This is the podcast of “Opened Dawes” Live, which runs weekly as a live video show on YouTube, Facebook, and LinkedIn at 11 am on Tuesday mornings so that we can throw open the doors and welcome you in for a relaxed sharing of information, tips, thoughts, and answering any questions about public speaking and presentation/communication skills you may have.
So, make sure you set the reminders for the shows on Facebook or YouTube (links below) as they are scheduled online and get involved. The stream is designed to be interactive, with comments/questions able to be shown and attributed on screen.
This week’s show delves into something that has become much more vital over the last year or so! Communicating via and presenting to a camera, especially a webcam.
Whilst workplaces may be returning to use, there is going to be a degree of home-working remaining, and a reduction in travel to face-to-face meetings, presentations, and training. Webinars have grown in popularity too, but it is not a natural thing for many of us to speak to a black hole in the camera’s lens! So how do we cope with the challenges, and how do we still make it fully engaging? This week we touch the surface of that area of training that we provide to leave you with some thoughts and techniques to make the most out of it.
This show can be watched live (and previous shows recorded) from the following locations:
www.youtube.com/channel/UCnwlPiWylgEDLrwemI8ZZjw (or search YouTube for Open Dawes Training and click subscribe to be notified)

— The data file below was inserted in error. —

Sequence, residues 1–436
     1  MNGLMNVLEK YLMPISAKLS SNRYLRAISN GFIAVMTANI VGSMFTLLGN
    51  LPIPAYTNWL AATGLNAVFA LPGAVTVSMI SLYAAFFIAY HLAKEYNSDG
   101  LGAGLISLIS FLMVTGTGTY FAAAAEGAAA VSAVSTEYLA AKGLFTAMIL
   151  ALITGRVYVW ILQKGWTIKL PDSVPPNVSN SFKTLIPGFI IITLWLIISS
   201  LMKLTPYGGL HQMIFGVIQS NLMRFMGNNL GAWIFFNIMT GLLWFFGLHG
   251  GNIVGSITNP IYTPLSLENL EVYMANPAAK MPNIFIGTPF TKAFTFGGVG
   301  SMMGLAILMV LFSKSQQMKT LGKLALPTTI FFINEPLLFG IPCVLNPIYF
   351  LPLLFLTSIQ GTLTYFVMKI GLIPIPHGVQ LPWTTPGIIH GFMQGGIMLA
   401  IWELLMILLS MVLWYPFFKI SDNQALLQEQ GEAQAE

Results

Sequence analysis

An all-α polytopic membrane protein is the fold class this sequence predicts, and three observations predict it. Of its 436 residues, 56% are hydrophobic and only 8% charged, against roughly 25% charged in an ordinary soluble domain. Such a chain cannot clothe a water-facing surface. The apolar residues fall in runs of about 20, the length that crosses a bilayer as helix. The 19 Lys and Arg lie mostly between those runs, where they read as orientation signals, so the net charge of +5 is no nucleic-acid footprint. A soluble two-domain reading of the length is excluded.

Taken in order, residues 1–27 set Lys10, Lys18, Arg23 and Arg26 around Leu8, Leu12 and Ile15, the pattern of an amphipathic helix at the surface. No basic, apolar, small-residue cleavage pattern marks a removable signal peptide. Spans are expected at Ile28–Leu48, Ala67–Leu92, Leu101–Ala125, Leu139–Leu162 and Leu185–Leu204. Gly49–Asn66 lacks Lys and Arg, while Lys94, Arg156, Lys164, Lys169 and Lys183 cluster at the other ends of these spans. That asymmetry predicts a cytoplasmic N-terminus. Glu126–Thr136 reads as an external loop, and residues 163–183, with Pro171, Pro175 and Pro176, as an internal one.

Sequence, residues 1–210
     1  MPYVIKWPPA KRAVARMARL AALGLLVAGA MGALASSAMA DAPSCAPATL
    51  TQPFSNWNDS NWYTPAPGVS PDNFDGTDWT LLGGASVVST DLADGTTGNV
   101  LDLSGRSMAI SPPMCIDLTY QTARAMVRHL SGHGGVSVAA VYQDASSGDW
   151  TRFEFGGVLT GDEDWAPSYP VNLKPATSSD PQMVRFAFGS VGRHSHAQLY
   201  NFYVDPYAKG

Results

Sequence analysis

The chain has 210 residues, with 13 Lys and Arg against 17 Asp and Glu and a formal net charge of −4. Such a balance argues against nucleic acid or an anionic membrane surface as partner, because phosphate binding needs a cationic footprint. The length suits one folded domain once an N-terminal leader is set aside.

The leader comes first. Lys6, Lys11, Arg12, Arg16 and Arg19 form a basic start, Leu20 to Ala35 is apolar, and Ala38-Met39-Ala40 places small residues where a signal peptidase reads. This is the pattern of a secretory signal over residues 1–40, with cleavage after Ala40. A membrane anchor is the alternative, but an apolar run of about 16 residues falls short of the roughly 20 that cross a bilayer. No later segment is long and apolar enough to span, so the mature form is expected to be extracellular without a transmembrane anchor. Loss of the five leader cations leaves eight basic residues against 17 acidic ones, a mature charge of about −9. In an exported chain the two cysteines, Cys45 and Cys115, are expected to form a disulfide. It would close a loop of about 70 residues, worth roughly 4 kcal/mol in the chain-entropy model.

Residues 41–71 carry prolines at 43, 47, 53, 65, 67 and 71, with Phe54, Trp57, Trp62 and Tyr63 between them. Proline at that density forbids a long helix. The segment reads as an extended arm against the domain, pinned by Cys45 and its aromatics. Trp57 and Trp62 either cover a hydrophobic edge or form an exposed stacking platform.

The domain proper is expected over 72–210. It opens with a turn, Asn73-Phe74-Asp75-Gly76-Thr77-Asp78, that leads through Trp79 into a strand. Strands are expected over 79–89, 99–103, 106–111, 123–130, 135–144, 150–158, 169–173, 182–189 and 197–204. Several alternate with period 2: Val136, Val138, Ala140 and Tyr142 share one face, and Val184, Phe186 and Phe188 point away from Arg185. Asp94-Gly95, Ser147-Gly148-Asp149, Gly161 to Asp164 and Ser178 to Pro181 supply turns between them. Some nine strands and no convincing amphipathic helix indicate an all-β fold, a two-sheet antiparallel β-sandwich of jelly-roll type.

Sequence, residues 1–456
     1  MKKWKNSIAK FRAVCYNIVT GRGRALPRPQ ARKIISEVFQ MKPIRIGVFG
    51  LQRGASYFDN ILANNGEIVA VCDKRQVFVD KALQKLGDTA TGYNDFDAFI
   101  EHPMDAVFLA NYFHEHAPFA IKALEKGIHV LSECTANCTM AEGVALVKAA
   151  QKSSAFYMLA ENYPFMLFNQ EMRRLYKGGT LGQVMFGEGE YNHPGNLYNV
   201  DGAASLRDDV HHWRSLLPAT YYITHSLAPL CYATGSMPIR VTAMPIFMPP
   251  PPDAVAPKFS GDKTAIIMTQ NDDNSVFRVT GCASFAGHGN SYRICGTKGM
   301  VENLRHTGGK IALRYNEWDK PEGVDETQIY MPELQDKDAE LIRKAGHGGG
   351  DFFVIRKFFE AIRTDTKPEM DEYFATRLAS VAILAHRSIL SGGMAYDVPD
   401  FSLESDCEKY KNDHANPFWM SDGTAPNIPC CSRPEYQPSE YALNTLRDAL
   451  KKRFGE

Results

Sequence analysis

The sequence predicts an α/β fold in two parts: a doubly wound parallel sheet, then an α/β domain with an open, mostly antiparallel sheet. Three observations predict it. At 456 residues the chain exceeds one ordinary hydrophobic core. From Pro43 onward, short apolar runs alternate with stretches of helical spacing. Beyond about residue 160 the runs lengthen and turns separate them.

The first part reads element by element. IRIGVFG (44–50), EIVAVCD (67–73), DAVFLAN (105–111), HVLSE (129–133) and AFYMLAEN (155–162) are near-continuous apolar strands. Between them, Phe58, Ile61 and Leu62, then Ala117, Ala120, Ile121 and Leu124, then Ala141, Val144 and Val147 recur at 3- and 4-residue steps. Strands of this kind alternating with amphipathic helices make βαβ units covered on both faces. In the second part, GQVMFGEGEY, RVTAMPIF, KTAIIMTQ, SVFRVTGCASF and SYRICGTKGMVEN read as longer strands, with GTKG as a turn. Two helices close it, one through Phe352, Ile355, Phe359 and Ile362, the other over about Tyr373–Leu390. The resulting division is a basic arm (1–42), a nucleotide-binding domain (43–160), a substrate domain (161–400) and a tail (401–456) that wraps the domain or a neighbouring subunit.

Thank you for listening to the Opened Dawes Live podcast. This is actually the audio taken from our weekly live video show that you too can get involved in or watch past episodes back by going to Facebook, YouTube or LinkedIn and searching for Open Dawes Training. That's da w e S. For other ways to connect with us go to Open Dawes training.co.uk forward slash Connect. There you'll find ways to communicate with us free downloads and information about our training programs, whether that is face to face online, or a blend of the two, all designed to help people grow in confidence, willingness and skills to communicate in public. Whether that is giving presentations or speeches, providing training, having great presence or communication skills in meetings, or just having those difficult conversations effectively. public speaking is a soft skill that gives your core skills of voice and can open doors that you may not even know exist yet. But for now, let's dive into this episode of Opened Dawes Live. Good morning. Welcome. I am just about morning on I apologies, it's a little bit later than than intended I think. regulars will know that it's supposed to be 11. And I suddenly realized I'd set it for 11pm rather than 11am. And the way that this is all sheduled, you can't just suddenly go, Oh, I just knock it back a little bit. It transpires I probably could have because I've had to cancel the LinkedIn broadcast of this live as well. But we're still going out on Facebook and YouTube. And thank you so much for joining me at kind of puts into, into like next week's show, which is, how to deal with technical glitches or anything else that could impact the flow, and how you really want to make sure that it doesn't. My name is Chris Dawes, founder of Open Dawes Training and today's subject. Over the last year and a half has become the hottest topic probably is how to communicate with audience when you're not actually with your audience. It's one of those unfortunate byproducts isn't it where we've been in lockdown, and even afterwards, it's all managed about how much we can be in front of people. And you, I don't know how much is going to come back, I think there's going to be a legacy of communicating via webcam that's going to stay face to face is the best, it's not going to be replaced. But if you I've often sort of thought about it now and gone, well, I don't know, let's say I had to go to London or New Castle or wherever it might be for a sequence of meetings is that actually, we have a meeting face to face, then we have a sequence of conversations via webcam. And then we jump up for the final meeting, whatever that final meeting is. So it's going to be there a lot more. I've been delivering training via webcam as well. And it will go on, I don't necessarily mean the online training that if you saw the the piece at the beginning, we've got this hybrid online online training where people have training videos, audio lessons, we also do stuff via webcam, video conferences, in groups as well. But there's also still the face to face. And that's starting to make it a return. And it's great. But we've got now this whole hybrid so that people can do it own place own pace, as I like to say. But the biggest problem is that people don't find it completely natural to speak to webcam. And yet, we have to try and find a way to do it, whether you are having meetings into organizational meetings, let alone, you know, with external parties, whether you're receiving or providing training online, whether it's even presentations, of course, we got the whole ability to share screens and the like. So there are full blown presentations and webinars and all of those things that are being done right. And it does enter this on demand society that we live in, for better or for worse. And it's about making sure we can embrace it. But as I say, it's not a fully natural experience for for people to sort of like look at this camera, nobody's here, I'm not seeing anybody smile or tart or frown or whatever it might be. I'm having to sort of almost create that myself. Now the biggest hurdle that people need to overcome is that you need to create and have the right perspective or the right perception of remote communication. So instead of sort of focusing on the fact that how but nobody's here, nobody's there, we need to make sure we flip it around, don't sort of get stuck in it being sort of this, this sterile situation that we sort of fall into the trap of thinking. First of all, how many jury of you during lockdown did numerous other things on on zoom or whatever, you know, whether it house party and teams and whatever, whether it's quiz nights, catching up with family, cocktail nights, dinner parties, even we're being done by a lot of people started doing that, because it was the only way that we could see our friends and families when we were having to isolate. And it got more natural for all of us. And I say that not just from myself, but from watching other people on the other side, it very quickly got more natural. And the reason we did that and you'll know if you've watched any of the other stuff and read any of the stuff that we do here Open Dawes Training is that there's a big mantra about conversation rather than presentation. And this is even more the case. You know, you need to just relax into it. Like we fell into the habit of being able to do for all of those social video conferences. Do the same even with it being a business or public sector or you know, whatever it might be. radiocommunication you need to just have that conversation, you have to do this battle of wits in reality because you're having a two sided conversation. One sidedly sided, least probably not a word. But hopefully you're with me, you know what I mean by it, you know, I'm creating, I'm having that conversation, this lens right here, that's you. I'm looking into your eyes as it stands at the moment. And that's how I see it. And I'm just relaxing into having a conversation with you. If you've watched any business based, or education based webinars or conferences that you've been involved in, or even just just one to one meetings, and I guarantee that you've had some people where they have kind of suddenly gone rigid, and everything has been presented in this way, because I need to make sure I'm getting the best advice I can give you just relax, like you've done socially, just with less of the gin and wine and whatever else may be, although I have heard the tip that if you get a herbal tea tea bag, just cut off the string, stick that to the side of the mug, red wine in there, there'll be convinced you've got a red herbal tea wasn't me, right? You haven't heard that from me. But yeah, relax into it, you'll have more fluid storytelling. And and you need to make sure that you are being as friendly as infused as you would be with your friends and your family, in these commercial or professional or whatever it might be, to camera conversations. And you need to make sure that and this is where it can get tricky. It will be important where you position your web camera, the idea is is my web camera is right on top of my laptop here. And yes, I'm looking down, but you're making that journey between camera to screen as minimal as possible. Because we do a lot of things on eye contact, when you're face to face, you still need to be able to do that. Hopefully, you'll notice that I'm doing I've set myself up for a full here. But hopefully you'll notice that I'm doing a lot more of my conversation is making eye contact. Now that is I'm means I'm looking at that lens. And this is where I bring together my business, you know, two decades over two decades of business presentations and over a decade of media work is that I made the mistake, I remember the first time that I was doing a piece to camera, and the camera man stood there with the camera in front of me. And I kept looking at the camera. And that him almost that sort of human nature of going Yep, getting that acknowledgement yet you're doing fine, everything's got to keep going, you're doing well. And then it was terrible, I had to stop doing that. And it's about them in your mind, your audience are in that tiny little lens at the center of that camera, even when it's a webcam, you should still have a little lens bar. And that's where you need to focus, create that connection for your audience, it might feel a bit contrived, a bit fake for yourself, it will become habit, it genuinely will become the habit that that's where you're looking. And you in your mind, you sort of almost pretend that you can see your audience in there sounds ridiculous. But it's just the kind of journey that helps, it will make the difference for the people at other end. And that's the most important thing. It's not about us that are presenting it's about what the people at the other end of feeling and receiving. And it kind of plays up an important thing I was involved with an organization providing some group training via zoom for a handful of people in the organization where they were doing their regular meetings and what have you via video conference. But a chunk of them would leave their camera off. Now some of you may recognize this either yourselves or some people that they'd leave the camera off that have the audio on mute that on and off when necessary, but the cameras would be off, just the other person would be on. Don't do that. Think about how you would feel if you couldn't see those people and see them kind of smile and chuckle and nod and whatever else. It is important to have the camera on Think of it as being in a meeting and you've now got those faces around the table or in your audience. So if you are in the audience, I do encourage you have that webcam around wherever possible unless you really really can't, for whatever reason, have the camera on. If you're the one presenting, create that connection with those people by looking at the lens and that's where it will become more of a conversation. If you are doing it and you suddenly get distracted the phone goes talking of witnesses put that on Do not disturb you get distracted. Something technical goes a little bit wrong. Just accept that a mishap has happened make it don't make it necessarily the elephant in the room by fully ignoring it but a mantra I believe in is strive for progress, not perfection. The perfection doesn't exist. Stop beating yourself up about it, it happens, it's supposed to be a natural flow. Otherwise, every presentation would look and feel exactly the same. And so the nuances and including little mistakes and hiccups, that's what makes it natural. It's not a problem. So roll with it. If you make a mistake, maybe laugh at it, laugh at yourself, potentially. And just just keep going. It will enable you to sort of be a lot more relaxed about it and just flow. And don't forget people relate better to real people, rather than perfect robots that do everything Absolutely. On script. This is not a scripted drama, where we've got lines to rehearse that have to be said in the right way at the right time with the right reaction. Absolutely not. It's gonna flow naturally. That includes hiccups, and I'll call them hiccups. Because I think that's nicer. Or you are doing let's put this into perspective, I talked about perception of remote communication, or you are doing is sharing knowledge. It doesn't matter whether you're providing a training course, whether you're in a meeting and sharing what you've done so far, sharing about your product or your service, you're presenting about it, you're sharing knowledge to the people at the other end of the camera, it's not Britain's Got Talent, you are not being judged about Have you done it perfectly all I think you should have done this, it was a little bit of key or is none of that you are sharing knowledge to just relax and enjoy that you are sharing knowledge that could actually open doors, hence the name of the company to things for yourself or your organization. Or at the very least take great pride that you are empowering the people on the other end of the camera. We all need those people empowering us, well, suddenly, you're one of those people that are empowering others. And that is huge. You know, you need to be applauded for the fact that you are doing that. And hopefully, with our training, we're helping more people be prepared to do it. And the big thing is, don't ask too much of yourself. You are doing nothing more than being yourself. And there's an irony actually with that is that how many times have you tell you what the biggest one is, if you hear somebody you know, on camera, and you go, that's not the person I know. They've suddenly gone all rigid and gone. Mr. presenter, Mrs. presenter, whatever. And you think it just just be yourself. That's what we as the audience wants to see is your personality come through, that's what makes this different to the next one, we'll watch in the next one we'll watch. we've all talked about video conference, you know, apathy, and death by video conferencing and things like that, where suddenly you make it different by being you. My advice is you plus 10%, I just exaggerate it a little bit, because that shows your your your level of enthusiasm and just sort of Pep it up Ziya up, did I really use that word, I've never used that word. And I think I swear I'll never use it again. But give it a bit more Verve and see where it takes you. That's what you need to do in terms of preparation for this as well. And it is important that you you prepare as much as possible. But my best advice for you is to prepare for the content that you're going to deliver in the flow, not your delivery of it. Let that take a life of its own. And literally just have a piece of paper going, Oh, I want to cover this, this, this and this, we're gonna do a video in the future on scripts and content where I turn around and say forget scripts don't have scripts. But you you have the list of the things that you're going to cover and let it flow, you've got an idea of the order you would like to cover it in. But you know what if it happens the other way, nobody knew you intended it to go a different direction. You've let it flow, you've let your personality come out. So just get the the content and the intended flow as your preparation, not the delivery. If you need to set share slides on your presentation via this you can do the share screen, my advice is try to do it where you've still got yourself so that you're still adding personality to it. And don't overload those because we're now on people's screens and you don't know what screens they've got. So just make it that it's these bullet points to help with the flow to let them know the flow as well as remind you. But you might more to the point have a slideshow that you've got your notes in front of you just to take you through. I've got like a presentation just to make sure that I can remember the different bits that I go through, but I don't need to share it. It's just there to guide me. So it's up to you. That means that you might have a slideshow but you don't need to share it. That's something that happens more and more. I don't need to be in a room with a big screen in the presentation up there, you could have it on another monitor to guide you rather than need to share it. I'm delivering that the the information in my way now, for better or for worse. The big thing, remember, it's a presentation or a speech or a talk or a meeting or training delivery, not a scripted drama, and less script equals more of you are great. Thank you for the comments coming in. I'm going to put this up now. And I agree with you David Christie says the biggest game changer for me was seeing the lens as a friend I hadn't spoke to in ages, it ended up being much less formal, where appropriate. And I agree with that were appropriately and more personal. That's absolutely brilliant. David Christie, thank you up in Scotland. A good a good colleague of mine, I say on the commentary world, you're getting back into that again, aren't you mate, I'm delighted to see that. But yes, seeing the lens as as a friend that you haven't seen in ages, absolutely, you've got to relax into it. Make it fun, make it enjoyable. As you'll see there, by the way, anybody's got comments, questions, anything like that, put it in the comments, it comes up here and I can put it up on screen. And we can go into more detail on it. In terms of Sorry, I've already covered that in terms of when you are then discussing. This is an interesting one really is that I've got the sort of you need to be very aware of your physical communication, as well as your verbal, you know, the verbal, we tend to cover things when we go into more detail about this in our training courses, is that you possibly need to be a bit slower. And more clear, you know, really enunciate because you don't know what sound quality people have got at the other end. So make sure that you are being a bit steadier, and a bit more pronounced with everything that you are saying, to make sure that they can understand, you know, when you're in front of them, they can kind of get the gist, you might have it just fallen a bit short. So just make sure but physical communication, you know, visual communication is just as important. You've now got the we've got this, can I do this, we've got this, no, I can't, I got no coordination, we've got this little box, from there to there to there to there, something like that, you get the idea. And you need to still try to make sure that you you know you own that stage that you are engaging with people physically as well. The first one, and again, many people will know this is an absolute big one for me smile. I know that the natural reaction when you're nervous when you're trying to remember what you've got to say when you're hoping that this is all still working Is this thing on you know all of that, that we go suddenly stone faced, throw it away, smile. Interestingly, if you don't happen to have camera run for whatever reason, or if there's a technical glitch, that means that some people aren't seeing your camera, still smile, because you can hear the smile as much as you can see it, you know, if I'm suddenly doing this very serious, even in terms of what you can see, but listen to the voice. Whereas once it's smiling, not only can you see the smile there, but you can hear it in the person's voice, it will actually make you feel more relaxed and give you an injection of enthusiasm. So always make sure you are smiling, sit or stand tall. Now this time I happened to be sad. Because more often than not, I put my desk up and I stand when I'm doing these lives. But I've gone more natural to what many of you do many of us do when we're doing video conferences. And that tends to be sitting down. But make sure you are sat still tall, don't sort of suddenly slouch into your chair or whatever. I mean, it looks like I'm not particularly interested. I've even got the oxygen levels, I'm suddenly, you know scrunched down, and I need to make sure that I'm sat as tall as possible, so that I'm getting the oxygen through my body. Remember, oxygen is also you know, the air going across our vocal cords is what enables us to speak. So I need that going there. I need as much air in my lungs so that I can keep the sentences going, instead of suddenly rushing to the end because I'm going to run out of breath. It will also give you a lot more energy. So look more like you're interested look more in control, feel more in control, feel more air, and you will go for it. The body language as well. Now, obviously I can't suddenly go wandering over here wandering over there. I can't do all of that. But I still will use my hands. And it is important for me that I use. And I make the points. If you're wondering surely that's not that important. Because I would even say do that even if you're not on camera. And you'd before you think that that's weird. Think about something. How many times have you been on the phone to somebody or you've watched someone else on the phone? I have no idea why I feel a need to do this, to let you know that. But you get the idea that you're on the phone. And you're still, you're being very, you know, very dramatic, or you've watched someone else being very dramatic. No, they can't see you doing that on the other side. But it helps you get dramatic, it helps you feel like you're making that point you're emphasizing that point, do exactly the same. When you are on camera, you probably need to be a bit more mindful of hands go in here, there and everywhere, when you're here. But I would say still make sure that you are physically communicating with people as well add that enthusiasm, make yourself feel important. Also, no matter what you feel, if you're kind of going on much prefer face to face, me to 100% it's so much nicer when I'm with people. But it happens, whether it's it's this whole, you know what we've been going through with a pandemic, whether it's just going forward that we do a lot more of these are just quickly jump on a video conference, because it means I can do it right now rather than shedule it for next week or whatever. still speak as you would want to hear it. You know, with the conviction, enthusiasm and passion, that you would want to hear it with the conviction, enthusiasm and passion that you actually have for what you're sharing with people. You might be having to sort of convince yourself to do it, because there's nobody in this room with me will create it still have dig deep and have that enthusiasm and passion and conviction for it. Because you need to carry people along. If you think about those emotions, they're contagious, you will carry people along with you, when you are, you know, being you know, infused and passionate about it, you will carry them through, you possibly even have to slightly exaggerate it a little bit, because we're just on a camera. So I need to make sure that this is getting across. And so do that always do it. If you think what you're sharing or relevant to this, the way that it's being shared is boring, it will come over as boring, it will come over like you don't care, it will come over like you're not interested, you're not passionate about it, you don't believe in the information that you're sharing. So make sure that there's nothing boring about the way that you're sharing it, about what you're sharing, go for it, the level of enthusiasm, etc, that you want. And remember is important about how you share it I have another saying dead cow, or beef steak, apologies to vegetarians and vegans and everything else. But dead cow beef steak, both exactly the same thing. But one sounds a darn sight nicer than the other. So think about what you're saying and how you're saying it, because it will have a dramatic emphasis. Impact sorry, on what it is you're sharing how you're sharing it. And while you're sharing it in reality. So remember, key things slow down and take pauses and breathe, like we talked about with the full blown do exactly the same when you're to camera. sit tall, or stand tall, smile and look at your audience interact with them, even though you physically can't say everything you have to share with conviction, enthusiasm and passion because you'll carry people along with you. And just relax into it being a conversation rather than a presentation. As David Christie said, it's a long lost friend, that lens is your friend is what you need to do. And just have the kind of the idea of I need to cover this, this, this and this, and how you then share that is going to change every time and it's going to be a natural conversational flow, it will therefore feel a lot more natural to you. That really is the key things presented and training remotely will open or keep doors open, both old and new. So don't don't shy away from it. Get yourself prepared to do that. provide training, provide me to hold meetings, via video conference, give presentations, do these live shows to share, you know what it is that you your organization, your products, your services, whatever it might be? Get out there and share it because you are the experts that we need to hear from and make sure you don't over sensitize or over formalize everything that you're doing. And even though David said, much less formal, where appropriate, I would say making it conversational is always appropriate. You know, we're not in a court of law where where everything has to be, you know, in a very precise manner. It's like no, as long as you're not unprofessional, but there's not unprofessional to make your presentation feel conversational. So absolutely key points there. That has been opened doors. Opened Dawes Live. Thank you very much. for joining me, thank you for those that put the lights might yeah AnneMarie, JP, Tom Hawkins. And of course David Christie, thank you very much for joining me next week, I think that I'm going with the dealing with technical glitches and how you sort of like overcome them, don't let them have too big an impact. And keep going now not just remotely that's face to face as well. It's very, very important because otherwise it can dramatically impact you. But thank you very much for joining me for myself, Chris Dawes. We'll see you next week. Hopefully it should be back at the time. That was always in shedule. Thank you. Goodbye. Thank you for listening to Opened Dawes Live. I hope you enjoyed it and it was useful. Remember, go to Open Dawes training.co.uk forward slash Connect, to find out more about how you can interact with us and how we can help you